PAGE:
resort in Florida and the entire thing has started to melt. Star of the show is
Summit Plummet , which shoots you down a 120ft
vertical drop at more than fifty miles per hour. Gentler rides include
toboggan-style slalom courses and covered raft rides. As well as the slides, Typhoon Lagoon , at Lake Buena Vista (one-day pass,
one-park $28.57/$22.79), features geysers and a rainforest, a huge surfing pool
and a shark reef, where you can snorkel among tropical fish. River Country is older, smaller and quieter (one-day
Wet 'n' Wild , 6200 International Drive (hours vary, tel 1-800/992-9453, ; $29.95/$23.95, parking
$4), defends itself admirably in the face of the Disney competition, with a
range of excellent slides including the challenging seven-story Bomb Bay and the
almost vertical Der Stuka. Lines are shorter, too.
Sea World , at Sea Harbor Drive, near the intersection of I-4 and the Bee Line
Expressway, the cream of Florida's sizable crop of marine parks, should not be
missed; allocate a day to see it all (daily 9am-7pm or later; longer hours in
summer; $50.83, ages 3-9 $41.29; tel 1-800/327-2424, ). The big event is the Shamu Adventure show - beginning with a pre-show film
attempting to justify the twenty minutes of tricks then performed by killer
whales. The Wild Arctic complex, complete with
artificial snow and ice, shows off beluga whales, walruses and a couple of
claustrophobic-looking polar bears; the experience is topped off by a thrilling
simulated helicopter flight through an Arctic blizzard. The park's first thrill
ride, Journey to Atlantis , is part fantasy, part
waterslide, part roller coaster, and has a sixty-foot drop. You will get
drenched - by the ride and by other tourists who pay for the privilege of
spraying you. With substantially less razzmatazz, plenty of smaller tanks and
displays explain more than you need to know about the undersea world. Among the
highlights, the Penguin Encounter attempts to
re-create Antarctica with scores of waddling birds scampering over an iceberg;
the occupants of the Dolphin Pool assert their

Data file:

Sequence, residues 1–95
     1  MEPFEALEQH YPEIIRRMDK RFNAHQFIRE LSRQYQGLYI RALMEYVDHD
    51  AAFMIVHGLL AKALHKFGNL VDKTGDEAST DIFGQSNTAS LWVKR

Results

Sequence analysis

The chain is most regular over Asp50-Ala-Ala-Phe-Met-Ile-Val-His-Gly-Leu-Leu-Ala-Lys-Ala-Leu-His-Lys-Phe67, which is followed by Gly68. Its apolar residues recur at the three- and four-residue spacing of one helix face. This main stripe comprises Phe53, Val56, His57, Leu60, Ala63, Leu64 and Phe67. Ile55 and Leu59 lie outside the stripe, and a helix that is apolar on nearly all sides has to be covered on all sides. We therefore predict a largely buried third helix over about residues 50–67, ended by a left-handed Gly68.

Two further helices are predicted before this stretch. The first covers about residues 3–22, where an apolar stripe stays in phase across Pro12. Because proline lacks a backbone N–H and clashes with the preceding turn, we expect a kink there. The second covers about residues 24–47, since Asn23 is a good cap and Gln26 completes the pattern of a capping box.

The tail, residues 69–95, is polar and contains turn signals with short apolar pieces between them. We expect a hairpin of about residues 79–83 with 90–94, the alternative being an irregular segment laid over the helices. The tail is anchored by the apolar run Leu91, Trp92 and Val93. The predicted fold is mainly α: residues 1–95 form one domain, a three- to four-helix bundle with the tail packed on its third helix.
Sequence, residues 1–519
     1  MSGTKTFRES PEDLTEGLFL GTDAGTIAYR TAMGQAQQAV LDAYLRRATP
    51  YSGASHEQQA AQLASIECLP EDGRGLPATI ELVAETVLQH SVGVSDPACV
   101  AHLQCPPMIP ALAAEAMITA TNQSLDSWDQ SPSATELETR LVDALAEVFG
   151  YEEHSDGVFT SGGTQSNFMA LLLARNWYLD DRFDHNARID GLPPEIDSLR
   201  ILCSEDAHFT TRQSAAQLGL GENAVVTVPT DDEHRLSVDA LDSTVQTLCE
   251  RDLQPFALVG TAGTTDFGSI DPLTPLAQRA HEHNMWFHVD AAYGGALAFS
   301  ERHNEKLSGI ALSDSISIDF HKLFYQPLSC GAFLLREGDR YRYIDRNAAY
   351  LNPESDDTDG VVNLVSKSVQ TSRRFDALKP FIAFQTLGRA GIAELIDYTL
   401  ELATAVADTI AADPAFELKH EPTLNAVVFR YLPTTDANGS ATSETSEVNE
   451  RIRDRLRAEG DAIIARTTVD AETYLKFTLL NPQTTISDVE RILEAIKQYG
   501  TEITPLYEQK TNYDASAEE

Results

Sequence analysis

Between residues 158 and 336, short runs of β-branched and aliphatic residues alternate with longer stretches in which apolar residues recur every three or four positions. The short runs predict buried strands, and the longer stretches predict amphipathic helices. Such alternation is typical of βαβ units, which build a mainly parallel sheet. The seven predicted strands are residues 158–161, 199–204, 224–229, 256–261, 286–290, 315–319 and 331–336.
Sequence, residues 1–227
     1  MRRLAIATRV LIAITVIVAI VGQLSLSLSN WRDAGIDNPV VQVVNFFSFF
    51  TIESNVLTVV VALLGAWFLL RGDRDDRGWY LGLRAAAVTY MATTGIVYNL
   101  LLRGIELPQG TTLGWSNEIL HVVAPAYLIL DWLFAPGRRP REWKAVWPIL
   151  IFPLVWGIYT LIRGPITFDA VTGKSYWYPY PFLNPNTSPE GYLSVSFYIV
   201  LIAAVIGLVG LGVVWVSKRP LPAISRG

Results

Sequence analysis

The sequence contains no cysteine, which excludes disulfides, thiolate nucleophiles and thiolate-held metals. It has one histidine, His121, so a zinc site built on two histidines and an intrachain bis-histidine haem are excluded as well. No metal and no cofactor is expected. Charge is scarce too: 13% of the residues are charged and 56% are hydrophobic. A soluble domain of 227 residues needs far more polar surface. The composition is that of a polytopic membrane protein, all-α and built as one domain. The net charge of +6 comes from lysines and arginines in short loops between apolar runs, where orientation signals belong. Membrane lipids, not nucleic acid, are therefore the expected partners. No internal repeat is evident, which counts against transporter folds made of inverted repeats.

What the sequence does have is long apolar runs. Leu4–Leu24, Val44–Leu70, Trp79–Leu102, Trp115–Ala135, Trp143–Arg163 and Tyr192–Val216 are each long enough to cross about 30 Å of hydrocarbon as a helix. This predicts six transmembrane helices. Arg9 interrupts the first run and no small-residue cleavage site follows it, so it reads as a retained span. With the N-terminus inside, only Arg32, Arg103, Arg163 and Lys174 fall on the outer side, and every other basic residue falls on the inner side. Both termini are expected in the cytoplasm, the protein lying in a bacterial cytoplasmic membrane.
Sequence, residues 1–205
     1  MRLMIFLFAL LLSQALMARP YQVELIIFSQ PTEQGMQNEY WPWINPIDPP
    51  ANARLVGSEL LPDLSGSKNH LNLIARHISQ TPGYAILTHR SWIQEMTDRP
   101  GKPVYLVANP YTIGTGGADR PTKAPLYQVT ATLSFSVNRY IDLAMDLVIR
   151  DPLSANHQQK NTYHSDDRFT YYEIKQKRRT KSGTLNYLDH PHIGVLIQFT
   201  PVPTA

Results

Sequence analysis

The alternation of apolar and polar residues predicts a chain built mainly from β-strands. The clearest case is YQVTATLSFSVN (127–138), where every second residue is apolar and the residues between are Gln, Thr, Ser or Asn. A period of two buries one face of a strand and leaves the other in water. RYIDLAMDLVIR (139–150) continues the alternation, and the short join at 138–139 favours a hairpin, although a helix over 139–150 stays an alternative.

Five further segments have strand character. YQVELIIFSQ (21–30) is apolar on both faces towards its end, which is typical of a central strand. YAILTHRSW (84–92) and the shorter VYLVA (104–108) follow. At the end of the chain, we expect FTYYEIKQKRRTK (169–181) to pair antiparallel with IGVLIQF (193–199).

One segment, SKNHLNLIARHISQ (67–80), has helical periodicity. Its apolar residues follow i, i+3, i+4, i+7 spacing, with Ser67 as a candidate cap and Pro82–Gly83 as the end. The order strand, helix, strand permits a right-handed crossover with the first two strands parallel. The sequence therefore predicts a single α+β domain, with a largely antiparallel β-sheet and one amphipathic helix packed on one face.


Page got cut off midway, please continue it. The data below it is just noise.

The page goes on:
advanced intellect by flapping their fins and soaking passersby; and Terrors of the Deep includes a walk through a
glass-sided tunnel, offering the closest eye-contact you're ever likely to have
with a shark and live to tell the tale.
For some years, it
seemed that US TV and film production would move away from California to
Florida, which, with its lower taxes and cheaper labor, was more amenable, and
the opening of Universal Studios Escape in 1990 appeared to confirm that trend.
So far, for various reasons, Florida has not proved to be a fully realistic
alternative, but that hasn't stopped the Universal enclave here, now known as Universal Studios (park opens daily at 9am, closing
times vary; one-day pass $48.76, children 3-9 $39.22, under-3s free; two-day
pass $84.75/$68.85; parking $7; tel 1-800/837-2273, ) from becoming a major
player in the Orlando theme park arena. While Disney still holds court,
Universal has drawn much attention, adding the hi-tech, special effects-laden Islands of Adventure and CityWalk , an earthier lure for nightlife dollars than
Downtown Disney. Universal is also aspiring to full-fledged resort status with
the Portofino Bay Hotel and plans for other
accommodation. For access to all areas, park in the garage half a mile north of
exits 29 and 30B off I-94.
As significant as air conditioning
in making the state what it is today, WALT DISNEY WORLD turned a wedge of Florida cow fields into one of the world's most
lucrative vacation venues. The immense and astutely planned empire also pushed
the state's media profile through the roof: from being a down-at-the-heel